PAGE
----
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Casting Advice

#ICastIt Casting a Convention for Comic-Con the Musical

#ICastIt Casting a Convention for Comic-Con the Musical

Calling all over-zealous comic book connoisseurs, cosplayers, and fandom aficionados! Can’t wait for San Diego Comic-Con? Start the season early with “Comic-Con the Musical” at the Hollywood Fringe Festival! The musical follows three con attendees as they set out to achieve their goals and follow their dreams on an inspirational, nerdy, and comical journey through the world of cons.

It started with a couple of songs and just kept growing. Composer Laura Watkins wanted her next project to be about comic book nerds, so she enlisted writer/director Nicholas Brandt as her unofficial consultant. “I started as Laura’s nerd consultant (questions like, “What’s the name of a comic villain who rhymes with ‘quaint’?”),” Brandt says. Watkins says she had a bare-bones story and about 10 songs when she approached Brandt to write the book. Together they created a version of the show which they workshopped at the Wallis Annenberg Center for Performing Arts in Beverly Hills as part of the ASCAP Foundation DreamWorks Musical Workshop. As part of the workshop, they received feedback from Stephen Schwartz. “I learned about form and motivation in regards to the story... In general, it made very clear that certain things were not working, and how I could improve music for other things. The biggest change we took from that workshop was that we re-wrote the main characters, and changed the intro completely,” says Watkins.

The cast also morphed as the characters changed through each version of the show. Watkins says sometimes bringing in a different actor who provides a different delivery can inspire music and book changes. Brandt also agrees that adding new actors to the mix can alter the overall package. “It’s a good opportunity to ask, ‘Are we doing this moment because we’ve done it in the past or because it’s the right thing at this point in the musical?’ It’s a good chance to test the truth of the moment for those characters.”

One notably different character is the Flarg Princess who “changed totally” from the workshop to the final version. According to Watkins, they needed “a strong musical theater person who could also do screaming rock and hip hop,” which both agree made finding the Flarg Princess for the Fringe Festival challenging. After posting the notice on Backstage, the team found Mariah Rose Faith. Faith joins fellow Backstage actors Davis MacLeod Haines, Spencer Carney, Shawn Skye, and Holly King Bennett as well as the actors from the previous workshops - Luke Adams, Michael D’Elia, Jessica Gardner, Abigail Herman Margulis, Christina Lea, Mark Lewis, Sierra Marshall, and Ryan Shrime to complete the 13 person cast.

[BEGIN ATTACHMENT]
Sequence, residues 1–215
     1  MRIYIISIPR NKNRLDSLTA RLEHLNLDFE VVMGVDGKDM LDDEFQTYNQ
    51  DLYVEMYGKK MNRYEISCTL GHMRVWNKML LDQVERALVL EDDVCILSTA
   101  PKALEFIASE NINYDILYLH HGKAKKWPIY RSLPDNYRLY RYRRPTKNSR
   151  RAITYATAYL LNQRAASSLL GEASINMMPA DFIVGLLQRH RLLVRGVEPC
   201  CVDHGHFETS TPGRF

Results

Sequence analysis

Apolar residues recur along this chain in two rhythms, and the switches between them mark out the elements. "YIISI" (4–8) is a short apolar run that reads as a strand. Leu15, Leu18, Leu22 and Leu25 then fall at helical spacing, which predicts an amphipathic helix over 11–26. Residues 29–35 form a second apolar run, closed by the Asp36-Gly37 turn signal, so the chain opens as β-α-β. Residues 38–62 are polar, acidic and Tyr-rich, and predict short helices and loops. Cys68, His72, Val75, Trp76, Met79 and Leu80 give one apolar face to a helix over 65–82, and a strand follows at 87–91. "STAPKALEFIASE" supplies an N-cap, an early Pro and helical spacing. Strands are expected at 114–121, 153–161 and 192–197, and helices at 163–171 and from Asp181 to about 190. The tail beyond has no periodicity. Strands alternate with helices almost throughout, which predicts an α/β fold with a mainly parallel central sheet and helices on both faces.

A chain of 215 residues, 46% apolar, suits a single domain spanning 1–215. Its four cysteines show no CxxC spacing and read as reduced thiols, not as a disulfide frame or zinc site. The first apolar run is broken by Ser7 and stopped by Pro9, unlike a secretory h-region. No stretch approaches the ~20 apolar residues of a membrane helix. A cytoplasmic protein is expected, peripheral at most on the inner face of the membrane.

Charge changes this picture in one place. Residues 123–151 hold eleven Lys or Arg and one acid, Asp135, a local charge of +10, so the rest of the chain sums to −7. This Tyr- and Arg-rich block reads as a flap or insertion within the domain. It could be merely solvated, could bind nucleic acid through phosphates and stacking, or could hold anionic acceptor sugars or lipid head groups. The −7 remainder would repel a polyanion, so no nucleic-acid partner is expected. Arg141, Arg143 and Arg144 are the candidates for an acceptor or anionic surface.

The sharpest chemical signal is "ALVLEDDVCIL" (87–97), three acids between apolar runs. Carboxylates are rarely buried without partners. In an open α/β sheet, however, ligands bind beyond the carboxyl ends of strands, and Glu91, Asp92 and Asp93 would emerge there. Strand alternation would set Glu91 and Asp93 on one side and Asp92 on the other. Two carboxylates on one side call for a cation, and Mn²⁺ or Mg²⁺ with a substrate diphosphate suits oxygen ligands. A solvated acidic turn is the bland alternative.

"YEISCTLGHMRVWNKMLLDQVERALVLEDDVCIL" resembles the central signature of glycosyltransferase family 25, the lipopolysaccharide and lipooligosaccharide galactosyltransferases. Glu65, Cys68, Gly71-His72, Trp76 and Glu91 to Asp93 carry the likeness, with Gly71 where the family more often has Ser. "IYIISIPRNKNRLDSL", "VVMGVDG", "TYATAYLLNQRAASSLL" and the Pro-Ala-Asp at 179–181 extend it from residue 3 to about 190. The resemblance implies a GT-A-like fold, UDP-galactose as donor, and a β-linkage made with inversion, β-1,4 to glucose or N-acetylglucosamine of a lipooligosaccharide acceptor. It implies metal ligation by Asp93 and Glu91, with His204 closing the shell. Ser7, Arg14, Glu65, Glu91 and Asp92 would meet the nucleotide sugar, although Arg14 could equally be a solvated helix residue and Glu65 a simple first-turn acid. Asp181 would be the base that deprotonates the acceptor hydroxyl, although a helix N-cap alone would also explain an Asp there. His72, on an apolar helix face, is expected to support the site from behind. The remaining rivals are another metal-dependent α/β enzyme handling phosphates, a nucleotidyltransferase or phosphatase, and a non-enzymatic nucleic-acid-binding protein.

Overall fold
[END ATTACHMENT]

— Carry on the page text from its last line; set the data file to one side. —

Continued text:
Brandt says Faith “stood out for me in her taped audition because, unbeknownst to her, she auditioned with one of my favorite songs from ‘Heathers the Musical.’ So my advice to actors would be to stalk creatives and learn their idiosyncrasies. But seriously, she had an amazing voice, great acting range, and fun personality, which really shined through on her tape.” She also followed the directions perfectly. “Which,” says Brandt, “surprisingly, very few actors do. But there were specific things we needed to see from the actors and if they don't send them, it's hard for us to be 100% excited about casting them. Always be as professional as possible and follow the submission directions.”

The whole creative team - Watkins, Brandt, and Jessica Gardner (co-director) - were involved in the casting process. They were looking for actors who could hit the notes both musically and emotionally. Gardner, an actor herself, focused on who was listening, while Brandt looked for who was capturing the essence of the character. Watkins says, “My concern is always musicianship and voice. Some people with great voices auditioned, but their musicianship was not what I was looking for. I needed singers who could learn music on their own from demos and sheet music. I asked a lot of questions to make sure of their ability to do that.” In addition to the acting and singing ability, the team also wanted actors who were as excited about the show as they are, says Brandt.

“Comic-Con the Musical” runs June 2, 11, and 18 at Sacred Fools Theatre in Los Angeles, CA. For tickets, visit http://hff17.com/4333.

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